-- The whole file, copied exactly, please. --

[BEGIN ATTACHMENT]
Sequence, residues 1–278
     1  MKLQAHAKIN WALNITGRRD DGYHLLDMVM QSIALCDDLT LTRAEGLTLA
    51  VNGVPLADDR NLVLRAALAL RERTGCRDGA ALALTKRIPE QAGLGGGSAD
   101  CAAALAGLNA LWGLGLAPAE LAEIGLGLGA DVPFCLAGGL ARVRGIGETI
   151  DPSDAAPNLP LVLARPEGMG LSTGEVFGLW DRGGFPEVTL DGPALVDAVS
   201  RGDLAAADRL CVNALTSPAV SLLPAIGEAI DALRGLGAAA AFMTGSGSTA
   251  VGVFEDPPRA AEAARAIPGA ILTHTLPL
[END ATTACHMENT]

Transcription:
Sequence, residues 1–278
     1  MKLQAHAKIN WALNITGRRD DGYHLLDMVM QSIALCDDLT LTRAEGLTLA
    51  VNGVPLADDR NLVLRAALAL RERTGCRDGA ALALTKRIPE QAGLGGGSAD
   101  CAAALAGLNA LWGLGLAPAE LAEIGLGLGA DVPFCLAGGL ARVRGIGETI
   151  DPSDAAPNLP LVLARPEGMG LSTGEVFGLW DRGGFPEVTL DGPALVDAVS
   201  RGDLAAADRL CVNALTSPAV SLLPAIGEAI DALRGLGAAA AFMTGSGSTA
   251  VGVFEDPPRA AEAARAIPGA ILTHTLPL